THE CARING CHAPLAIN
By Asian Beacon
For many in Malaysia, the post of Chaplain is considered quite unheard of. In fact, most churches do not have a chaplain in them. To most, a Chaplain is considered a fancier term for a pastor. But this is not the case. As such, Chaplain GP Tan, from Acts church in an interview with Asian Beacon shared a bit on how being a Chaplain is very different from that of a pastor.
“A pastor is based in a church, and although he or she sometimes visit sick members, it is not fulltime. The chaplain ministry however is focused towards such healthcare settings such as nursing homes, hospitals, and retirement homes. A chaplain’s ministry can also include prisons, police departments, and other government institutions. So is like a spiritual head of the church, while the chaplain the spiritual authority of the institution which he is assigned in. But he does this under the banner of a church. I find it more challenging than a pastor because the people you visit are unknown to you, unlike your church members,” the chaplain explains.
As such Tan stresses that as a chaplain, one must be very in tune with God as it is not such a simple ministry.
“So, it is very important that a chaplain works closely with the Holy Spirit. Whenever you enter a hospital makes sure the Holy Spirit is coming along side you. We need to be close to God and He will direct our ways,” he says.
Chaplain Tan further notes that in order to be a chaplain further training had to be taken.
“I have been a chaplain since 2008 September. Prior to that, I was a pastor for 7 years before I went to Texas, USA to train to become a chaplain. The reason I chose this path was that I had prayed to God and asked Him, what should I do besides being a pastor. His reply was that I should work and minister more to the sick. Obeying His command, I applied for a Clinical Pastoral Education course in the US and I was offered a place in a Christian base hospital,” Tan added further.
Tan also added that one of his main motivation to stay enthusiastic as a chaplain was that Jesus himself came to heal the sick. In fact, ministering to the sick was one of the Lord’s earlier ministries. As of now Chaplain Tan finds himself very occupied with his work as chaplain in the many hospitals found around Subang area.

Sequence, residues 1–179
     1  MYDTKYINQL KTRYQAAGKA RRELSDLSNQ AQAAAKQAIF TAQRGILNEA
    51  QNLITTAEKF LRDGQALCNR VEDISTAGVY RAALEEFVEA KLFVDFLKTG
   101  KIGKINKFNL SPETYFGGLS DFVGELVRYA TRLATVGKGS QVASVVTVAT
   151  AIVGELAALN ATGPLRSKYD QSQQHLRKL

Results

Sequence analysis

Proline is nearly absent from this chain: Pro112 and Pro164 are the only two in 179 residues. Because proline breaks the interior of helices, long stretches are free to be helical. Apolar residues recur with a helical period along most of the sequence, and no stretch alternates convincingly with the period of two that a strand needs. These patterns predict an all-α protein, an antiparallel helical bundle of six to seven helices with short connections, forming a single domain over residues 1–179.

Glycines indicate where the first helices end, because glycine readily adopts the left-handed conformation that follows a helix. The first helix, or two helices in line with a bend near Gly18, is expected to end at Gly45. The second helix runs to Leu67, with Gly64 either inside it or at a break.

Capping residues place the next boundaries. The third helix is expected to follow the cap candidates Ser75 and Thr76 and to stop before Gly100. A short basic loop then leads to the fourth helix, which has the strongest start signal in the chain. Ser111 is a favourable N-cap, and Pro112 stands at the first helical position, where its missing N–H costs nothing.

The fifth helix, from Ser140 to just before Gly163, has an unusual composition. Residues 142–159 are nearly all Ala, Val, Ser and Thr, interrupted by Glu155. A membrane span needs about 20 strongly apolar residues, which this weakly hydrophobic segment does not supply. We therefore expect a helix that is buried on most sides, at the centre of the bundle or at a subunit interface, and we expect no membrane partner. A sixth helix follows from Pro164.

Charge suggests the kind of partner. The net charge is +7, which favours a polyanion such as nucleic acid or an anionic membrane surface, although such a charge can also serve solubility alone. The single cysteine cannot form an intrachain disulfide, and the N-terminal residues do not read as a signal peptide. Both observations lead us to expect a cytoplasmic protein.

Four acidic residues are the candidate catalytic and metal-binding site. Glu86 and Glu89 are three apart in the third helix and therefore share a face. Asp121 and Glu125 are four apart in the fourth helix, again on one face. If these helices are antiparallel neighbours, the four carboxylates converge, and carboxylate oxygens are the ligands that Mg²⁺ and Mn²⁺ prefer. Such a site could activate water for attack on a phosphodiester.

Chaplain Tan also added that being a chaplain is not for the faint of heart.
“The challenges I face in this ministry are many. That is why, even among Christians themselves, very few want to take part in the chaplaincy ministry. As a chaplain, I must handle both the emotional, mental and spiritual aspects of a person. I sometimes find it an even more difficult task to minister to individuals who suffer from mental health issues, that those who are physically ill. As a chaplain, I am a minister of “His presence”, not my own. I cannot cure them, like a doctor with conventional ways but through the power of God,” the chaplain explains.
He adds aside from that, as a chaplain he states that another challenge for a chaplain from Malaysia would be the language barrier.
“In Malaysia are so many dialects and languages, that I am bound to find a patient who speaks different language or even Chinese dialect from me. This is a situation which I face a lot. Unlike in America, where every speaks English or at least has a good understanding of it, here in Malaysia communication breakdown can happen. Also, in the US most Americans know about God somehow. In Malaysia on the other hand, we are multi religious and as such chaplains here must be trained to minister in a multi-faith setting. We must know how to handle other religions and faiths without upsetting them, as I believe everyone needs God for their mental, physical and spiritual healing. As such a chaplain provides holistic care for the mind body and spirit,” the chaplain adds.
He also adds that as a chaplain, must not perceived the patient’s condition base on personal experience or bias.
“In the chaplaincy course, we are taught about things such as transference and counter transference activities whereby we can affect the patients, or the patients affect us through the transference of emotions. That is why we must have the condition of our heart in check with God so as not to bring negative emotions to the patients,” Tan explains.
Tan also explains that the chaplain plays a very important role in bereavement events too.
“Since we have been with the sick while they were alive, we have built a strong connection with the individual and their families. Therefore, the chaplain must be present if the patients passes on, whereby love and care are needed for the family. So, the chaplain must be part of the life of the patient throughout his entire journey,” he states.
As for the future of the chaplaincy ministry in Malaysia, Tan hopes that more churches will be aware of such ministry and be willing to have a chaplaincy ministry of their own.
“I would encourage all churches to have a Chaplaincy ministry running. It would be a great help to the community. Imagine having chaplaincies everywhere ministering to the sick and imprison. Right now, I only know we have only a handful of chaplains in Malaysia. To be involved in the chaplaincy ministry is a special calling of God. A chaplain must be trained properly. Plus, there is a need to have the compassion for people without considering, religion, race or creed. Loving one another is the focus, just like Christ loved us,” the chaplain ends.
Tan also would like to share to everyone that there are courses and training for those interested in the ministry. For those with such a passion or calling you may contact Chaplain GP Tan at firstname.lastname@example.org.